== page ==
EUREKA – The waters from the Christmas floods have receded, but the cleanup job they left behind is pushing Missouri Baptists’ disaster relief (DR) resources and volunteers to the brink.
“It’s bigger than people realize,” said Joe Banderman of California, the leader of the Missouri Baptist Convention’s(MBC) collegiate disaster relief team. “Unless you’re here, it’s hard to get an idea of the scope of the flooding.”
In St Louis, Franklin, Jefferson, St. Charles and Lincoln Counties there have been more than 3,000 homes. Governor Jay Nixon has declared a state of emergency and has asked federal authorities to do the same.
Flash floods also swept through Springfield, as well as McDonald, Newton, and Japser Counties, prompting cleanup responses from Missouri DR as well as Texas Baptist Men with damage to just under 1,000 homes damaged in that region.
So far, DR workers have about 250 work orders, and have completed 80. Through Jan. 9, the DR mobile kitchen has prepared 10,000 hot meals and will continue operating through the end of the week.
Two laundry units are onsite in Eureka cleaning clothes for disaster victims. Previous laundry units have been attached to shower trailers and used only by volunteers, but this is the first time the free service has been opened to disaster victims.
So the equipment is there. All that is lacking is the manpower.
“We’re at nearly 5,000 homes affected across the state,” Banderman said. “Even if every trained volunteer came, we can’t bring hope, help and healing to everyone without more volunteers being trained. Do we need your prayers? Yes. Do we need your finances? Yes. But what we really need is people. This is an ‘all hands on deck’ situation.”
Volunteers have come in from Baptists in Tennesee, Kentucky, Texas, Michigan, New Mexico, Kansas, Nebraska and Illinios, but with the response likely to go on for weeks, more Missouri volunteers are needed. Through Jan. 9, 150 volunteers have served in the St. Louis metro area, and Dwain Carter, director of Disaster Relief for the Missouri Baptist Convention, said he looks for 300 this week.
Needs include feeding volunteers (especially men), shower volunteers, incident command personnel, chaplains and flood recovery teams. Trained volunteers should check with their state-wide coordinators for more information.
Much of the time, it seems disaster strikes in extreme heat or cold. In many ways, the cold is worse for volunteers, especially when dealing with water. At the incident command center set up at First Baptist, Ellisville, temperatures in the single digits burst a water line that took a laundry and shower unit out of commission. The cold caused issues with a generator as well at the command center, causing the mobile feeding unit to scramble for a solution. In the heat, a volunteer’s main concern is staying hydrated. In the cold, they must stay hydrated, stay bundled up and stay dry while working in flooded basements.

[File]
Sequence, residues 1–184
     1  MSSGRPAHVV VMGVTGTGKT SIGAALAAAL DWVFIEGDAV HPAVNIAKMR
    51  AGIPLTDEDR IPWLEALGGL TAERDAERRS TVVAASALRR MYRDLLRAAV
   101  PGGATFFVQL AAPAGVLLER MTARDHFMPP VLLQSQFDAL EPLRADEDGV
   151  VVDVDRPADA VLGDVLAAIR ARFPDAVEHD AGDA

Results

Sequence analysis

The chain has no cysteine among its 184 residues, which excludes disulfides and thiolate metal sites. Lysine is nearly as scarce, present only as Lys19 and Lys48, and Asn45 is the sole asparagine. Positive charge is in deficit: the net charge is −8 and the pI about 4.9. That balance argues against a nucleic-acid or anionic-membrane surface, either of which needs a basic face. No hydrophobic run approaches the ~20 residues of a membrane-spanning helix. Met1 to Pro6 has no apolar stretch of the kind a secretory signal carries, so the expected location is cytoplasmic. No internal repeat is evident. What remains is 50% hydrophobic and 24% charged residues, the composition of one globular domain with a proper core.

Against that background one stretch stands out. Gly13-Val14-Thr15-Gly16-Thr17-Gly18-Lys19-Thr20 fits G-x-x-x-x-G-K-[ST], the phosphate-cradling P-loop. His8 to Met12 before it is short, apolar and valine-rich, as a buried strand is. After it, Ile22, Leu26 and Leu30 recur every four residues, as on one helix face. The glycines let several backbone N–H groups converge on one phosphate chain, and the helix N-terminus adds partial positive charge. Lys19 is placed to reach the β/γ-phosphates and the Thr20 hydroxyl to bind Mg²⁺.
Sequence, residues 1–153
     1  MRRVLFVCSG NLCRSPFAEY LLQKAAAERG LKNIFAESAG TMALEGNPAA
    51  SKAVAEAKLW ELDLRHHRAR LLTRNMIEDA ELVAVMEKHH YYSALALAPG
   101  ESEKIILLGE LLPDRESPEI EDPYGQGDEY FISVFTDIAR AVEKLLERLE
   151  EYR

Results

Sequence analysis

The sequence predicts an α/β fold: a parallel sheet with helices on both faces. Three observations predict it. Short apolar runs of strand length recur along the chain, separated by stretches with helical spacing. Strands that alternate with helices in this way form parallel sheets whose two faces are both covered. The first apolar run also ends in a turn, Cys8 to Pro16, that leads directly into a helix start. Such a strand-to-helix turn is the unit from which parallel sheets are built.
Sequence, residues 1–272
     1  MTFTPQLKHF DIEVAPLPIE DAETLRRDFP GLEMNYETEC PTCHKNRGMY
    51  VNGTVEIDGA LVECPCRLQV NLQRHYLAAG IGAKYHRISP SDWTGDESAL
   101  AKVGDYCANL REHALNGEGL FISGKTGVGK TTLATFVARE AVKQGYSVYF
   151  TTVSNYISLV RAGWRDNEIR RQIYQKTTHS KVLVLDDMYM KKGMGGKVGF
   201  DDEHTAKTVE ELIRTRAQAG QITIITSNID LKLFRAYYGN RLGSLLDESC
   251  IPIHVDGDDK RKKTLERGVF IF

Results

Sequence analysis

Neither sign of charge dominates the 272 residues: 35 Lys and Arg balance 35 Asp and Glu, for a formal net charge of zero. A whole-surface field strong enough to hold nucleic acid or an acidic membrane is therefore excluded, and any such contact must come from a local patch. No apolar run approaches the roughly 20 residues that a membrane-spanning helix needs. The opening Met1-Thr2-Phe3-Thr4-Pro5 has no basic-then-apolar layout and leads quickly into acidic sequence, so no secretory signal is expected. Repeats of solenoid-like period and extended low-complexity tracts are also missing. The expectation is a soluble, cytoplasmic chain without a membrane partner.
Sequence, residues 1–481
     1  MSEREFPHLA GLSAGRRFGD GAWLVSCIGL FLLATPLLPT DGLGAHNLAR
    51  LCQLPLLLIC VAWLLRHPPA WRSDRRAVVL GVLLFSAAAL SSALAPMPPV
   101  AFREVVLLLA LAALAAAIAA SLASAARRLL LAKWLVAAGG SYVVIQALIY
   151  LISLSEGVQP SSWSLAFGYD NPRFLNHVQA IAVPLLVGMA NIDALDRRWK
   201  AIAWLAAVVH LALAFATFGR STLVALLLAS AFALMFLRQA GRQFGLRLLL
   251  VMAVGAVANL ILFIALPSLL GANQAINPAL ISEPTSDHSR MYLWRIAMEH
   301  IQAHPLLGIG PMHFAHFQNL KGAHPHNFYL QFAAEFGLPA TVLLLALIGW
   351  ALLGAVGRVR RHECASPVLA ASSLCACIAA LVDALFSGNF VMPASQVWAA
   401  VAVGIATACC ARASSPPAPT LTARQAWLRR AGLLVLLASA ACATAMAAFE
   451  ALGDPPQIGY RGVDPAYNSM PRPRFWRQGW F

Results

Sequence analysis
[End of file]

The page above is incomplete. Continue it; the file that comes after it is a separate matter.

“In a geographical sense, this is one of the largest if not the largest disaster the state has ever had,” said Dwain Carter, director of Disaster Relief for the Misssouri Baptist Convention.
The 2011 tornado in Joplin had a much higher cost in human lives, but in terms of square miles and families affected, the floods outweigh it. Plus, the tornado stayed in the news cycle driving relief and donations, while soggy Missourians from St. Louis to Carthage were on the nightly news for two or three days before the national spotlight turned elsewhere.
Still, the news isn’t all bad. One person in Arnold has accepted Christ as a result of Missouri Baptists’ ministry.
“Our DR volunteers are authentic disciples on mission with God,” said John Yeats, MBC executive director. “They do this not merely for humanitarian reasons but to make a difference for the cause of Christ. So during the worship service when an announcement was made that someone they had served had surrendered their life to Christ, these committed brothers and sisters were the first to celebrate with the angels in heaven the announced new birth.”
Congregations like First Baptist, Ellisville and Sterling Acres, Arnold are supporting DR volunteers as they work, and First Baptist Arnold, thanks to a previous partnership with the Red Cross, was able to open its doors as a shelter for hundreds immediately after the floods.
Mike Hubbard, pastor of Genesis Church, and his congregation set out the Sunday after the rains stopped to help local homeowners try to recover.
“We were helping her get everything out of the basement for the team she had coming on Monday,” he said. “She told us they were going to sanitize her basement, cut out dry wall that was affected, and get her house on the road to recovery. So I asked her who she had doing the work. Her eyes filled with tears as she said, the group is called ‘Disaster Relief.’ I immediately knew what was happening. The second largest disaster relief organization in the world was headed to our town to serve. The flood left Eureka on Friday, we were there Sunday, and they had already been there to schedule her for Monday.”
“The opportunities for transforming lives and communities with the gospel are rampant through Disaster Relief,” Yeats said. “Volunteers are needed. Training is important. Preparation imperative. Because when the next tragedy happens, Missouri Baptists want people to experience the hope and healing that comes through faith in Christ.